Zara's push towards online shopping exposes issues with the retailer’s fit, product quality and service.
The recent shift to online shopping isn’t working in the interest of retail brand Zara, as its exposes its issues with the fit, product quality and online service, according to Credit Suisse analyst Simon Irwin.
Comments about Zara products “are poor and declining” on consumer-review websites Trustpilot and Sitejabber, the analyst wrote in a note previewing owner Inditex SA’s first-half results on Sept. 12.
“We believe the ‘treasure trove’ nature of a Zara shop is still a better experience off-line,” Irwin wrote. While online is driving like-for-like sales growth, that can have a negative impact on gross margin, he also said.
The broker estimates that the Web will represent about 10 percent of Inditex’s sales this year, up from 2.4 percent in 2013. It also expects 2018 to be the sixth consecutive year of Ebit margin decline.
Inditex shares had their worst week in seven years last week, falling 8.7 percent after Morgan Stanley published a scathing report saying the retailer has gone from great to good.
Credit Suisse lowered its price target to 24 euros from 25 euros and maintained its underperform recommendation.
Struggling brand Marc Jacobs is shrinking its presence in Europe as other direct to consumer brands expand. While you will still be able to find the brand at multi brand retailers like Selfridges or Harvey Nichols, the brands own store at Mount street will be no more. Business of Fashion sources claim that presently only a handful of store remain throughout the world, a far cry from its glory years.
Nike is partnering with Matthew Williams, the founder of luxury streetwear brand Alyx, in a conscious move to make its performance category more fashionable. Matthew's work takes cues from the current youth culture and is recognised for his more practical approach to fashion, will launch his 18-piece fashion collaboration with Nike in mid July, which includes outerwear, monochrome leggings and a wide range of accessories such as logo-ed socks, face masks and towels.
Matthew's partnership with Nike, which has men’s, women’s and unisex collections, will be within Nike’s Training category, making this one of its first major collaborations with a fashion designer within the division. He founded Alyx in 2015 and has been working on the collaboration with Nike for the past year and a half.
He has a young fan base, and his brand's roots in merging street culture with practical garment construction, fits well with Nike’s Training division. But the collection also symbolises a wider strategic shift in the sport firm’s ambition to join its performance and lifestyle divisions, as it responds to the buying behaviours of young consumers, who often see less of a distinction between the two categories.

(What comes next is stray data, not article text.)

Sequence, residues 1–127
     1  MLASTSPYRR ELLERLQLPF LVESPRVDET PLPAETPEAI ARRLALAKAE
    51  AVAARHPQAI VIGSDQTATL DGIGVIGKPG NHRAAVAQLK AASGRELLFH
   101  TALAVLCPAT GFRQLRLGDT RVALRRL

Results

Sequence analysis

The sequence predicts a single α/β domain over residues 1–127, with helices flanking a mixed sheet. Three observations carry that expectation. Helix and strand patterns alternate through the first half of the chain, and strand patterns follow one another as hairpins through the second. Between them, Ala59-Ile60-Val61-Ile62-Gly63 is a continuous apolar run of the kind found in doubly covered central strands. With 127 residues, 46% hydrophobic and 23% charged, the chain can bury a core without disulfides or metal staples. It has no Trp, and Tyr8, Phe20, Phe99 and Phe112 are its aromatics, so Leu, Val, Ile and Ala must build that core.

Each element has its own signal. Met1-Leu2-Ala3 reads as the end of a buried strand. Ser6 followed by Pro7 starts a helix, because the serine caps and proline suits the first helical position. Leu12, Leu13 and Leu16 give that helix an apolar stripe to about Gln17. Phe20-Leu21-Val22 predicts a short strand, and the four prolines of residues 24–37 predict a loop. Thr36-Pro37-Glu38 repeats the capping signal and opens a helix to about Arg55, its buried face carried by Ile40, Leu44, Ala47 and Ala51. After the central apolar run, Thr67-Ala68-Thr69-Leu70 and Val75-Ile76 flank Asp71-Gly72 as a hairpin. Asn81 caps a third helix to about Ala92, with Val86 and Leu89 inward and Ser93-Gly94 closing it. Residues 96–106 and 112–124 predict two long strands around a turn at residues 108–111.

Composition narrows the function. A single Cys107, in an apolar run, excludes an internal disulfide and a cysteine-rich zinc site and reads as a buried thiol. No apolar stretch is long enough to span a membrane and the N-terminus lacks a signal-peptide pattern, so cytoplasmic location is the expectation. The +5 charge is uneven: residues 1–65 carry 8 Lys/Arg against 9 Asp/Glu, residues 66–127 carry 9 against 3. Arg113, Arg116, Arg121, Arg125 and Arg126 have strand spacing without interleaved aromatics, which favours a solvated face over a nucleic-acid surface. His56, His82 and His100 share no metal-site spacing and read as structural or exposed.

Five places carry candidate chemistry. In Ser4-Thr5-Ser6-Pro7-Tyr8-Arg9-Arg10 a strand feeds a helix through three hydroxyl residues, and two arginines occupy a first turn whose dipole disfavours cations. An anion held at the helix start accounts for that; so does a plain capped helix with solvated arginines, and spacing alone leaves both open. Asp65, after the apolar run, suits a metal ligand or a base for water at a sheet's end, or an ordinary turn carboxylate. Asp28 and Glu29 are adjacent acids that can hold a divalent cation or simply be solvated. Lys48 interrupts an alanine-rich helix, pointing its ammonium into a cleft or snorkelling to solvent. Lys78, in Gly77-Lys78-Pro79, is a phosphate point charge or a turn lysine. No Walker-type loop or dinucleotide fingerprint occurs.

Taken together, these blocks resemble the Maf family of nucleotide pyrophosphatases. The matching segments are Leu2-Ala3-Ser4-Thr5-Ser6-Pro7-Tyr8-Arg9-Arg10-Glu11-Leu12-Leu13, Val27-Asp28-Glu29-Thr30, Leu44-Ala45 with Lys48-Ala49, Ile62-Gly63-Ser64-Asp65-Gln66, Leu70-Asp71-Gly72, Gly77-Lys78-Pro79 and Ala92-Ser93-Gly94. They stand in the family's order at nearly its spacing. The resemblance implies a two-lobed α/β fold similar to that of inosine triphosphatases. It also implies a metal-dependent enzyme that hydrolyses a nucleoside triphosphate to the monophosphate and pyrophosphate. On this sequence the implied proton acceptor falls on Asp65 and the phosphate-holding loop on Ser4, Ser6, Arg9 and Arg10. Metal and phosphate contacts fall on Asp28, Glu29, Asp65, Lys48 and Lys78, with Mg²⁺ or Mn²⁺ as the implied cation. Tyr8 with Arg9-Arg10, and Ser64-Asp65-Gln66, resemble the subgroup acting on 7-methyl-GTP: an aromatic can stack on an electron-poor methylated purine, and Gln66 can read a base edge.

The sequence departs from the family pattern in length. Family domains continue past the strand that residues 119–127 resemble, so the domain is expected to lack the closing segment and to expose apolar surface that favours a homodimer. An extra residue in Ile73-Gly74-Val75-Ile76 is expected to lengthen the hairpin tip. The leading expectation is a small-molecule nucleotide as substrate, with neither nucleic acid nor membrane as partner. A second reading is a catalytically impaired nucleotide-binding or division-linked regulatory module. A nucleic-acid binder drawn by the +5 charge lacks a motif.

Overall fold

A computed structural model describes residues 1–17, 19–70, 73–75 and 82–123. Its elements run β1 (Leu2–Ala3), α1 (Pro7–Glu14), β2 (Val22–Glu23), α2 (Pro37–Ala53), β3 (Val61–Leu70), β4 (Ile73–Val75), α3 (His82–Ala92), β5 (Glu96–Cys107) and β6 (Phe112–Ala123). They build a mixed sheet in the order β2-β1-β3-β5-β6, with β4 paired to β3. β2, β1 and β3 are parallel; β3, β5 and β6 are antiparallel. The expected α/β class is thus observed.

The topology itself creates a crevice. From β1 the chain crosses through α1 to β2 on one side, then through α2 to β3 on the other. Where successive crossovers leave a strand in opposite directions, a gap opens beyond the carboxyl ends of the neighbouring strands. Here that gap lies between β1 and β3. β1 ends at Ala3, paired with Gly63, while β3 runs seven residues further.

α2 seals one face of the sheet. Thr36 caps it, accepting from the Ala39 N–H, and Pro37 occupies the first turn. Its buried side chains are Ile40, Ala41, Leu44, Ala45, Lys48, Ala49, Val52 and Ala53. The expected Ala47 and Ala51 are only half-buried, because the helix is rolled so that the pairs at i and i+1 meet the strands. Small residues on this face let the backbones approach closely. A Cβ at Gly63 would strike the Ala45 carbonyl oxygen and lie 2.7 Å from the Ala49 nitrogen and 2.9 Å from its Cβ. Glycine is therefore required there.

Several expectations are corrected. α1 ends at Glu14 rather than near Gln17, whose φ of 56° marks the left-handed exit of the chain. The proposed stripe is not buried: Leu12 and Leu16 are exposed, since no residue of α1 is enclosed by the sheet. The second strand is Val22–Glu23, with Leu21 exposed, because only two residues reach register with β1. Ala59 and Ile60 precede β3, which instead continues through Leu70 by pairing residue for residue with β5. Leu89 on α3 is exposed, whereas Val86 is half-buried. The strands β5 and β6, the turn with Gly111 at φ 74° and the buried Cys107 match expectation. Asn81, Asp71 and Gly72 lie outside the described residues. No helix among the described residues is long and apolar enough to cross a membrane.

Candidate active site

Nike still remains the world’s leading sportswear player in terms of revenue, but its performance-driven approach to apparel and footwear has lost some degree of “cool” in the eyes of young consumers, who often favour aesthetic and lifestyle features over performance and still make up a majority of the company’s clientele. Nike’s designer collaborations, including those with Kim Jones, Olivier Rousteing and Riccardo Tisci, also made a smaller cultural impact than those launched by Adidas.
( Photos Credit: Nick Knight )
In mid December, TSG Consumer Partners (“TSG”), a leading private equity firm focused exclusively on the branded consumer sector, and Huda Beauty, one of the world's fastest-growing beauty brands, announced that TSG has acquired a stake in Huda Beauty. Ofcourse, the financial terms of the transaction were not disclosed. TSG see Huda Beauty's industry leading digital reach, their amazing global influence and ofcourse best-in-class product offerings as a grounds for joining forces and help lead the brand into the future.
Burberry has named Riccardo Tisci as its new chief creative officer, he succeeds Christopher Bailey, who stepped down after 17 years from the creative helm. Having spent more than a decade at Givenchy as a creative director, Riccardo left the brand once his contract expired in January 2018. Givenchy is credited with being one of LVMH's most successful luxury brands.
"I have an enormous respect for Burberry's British heritage and global appeal and I am excited about the potential of this exceptional brand,” added Tisci. “I am honoured and delighted to be joining Burberry and reuniting with Marco Gobbetti ( Burberry’s chief executive ).”
Riccardo will direct all of Burberry’s collections from his new London base, and is expected to present his first for the brand in September.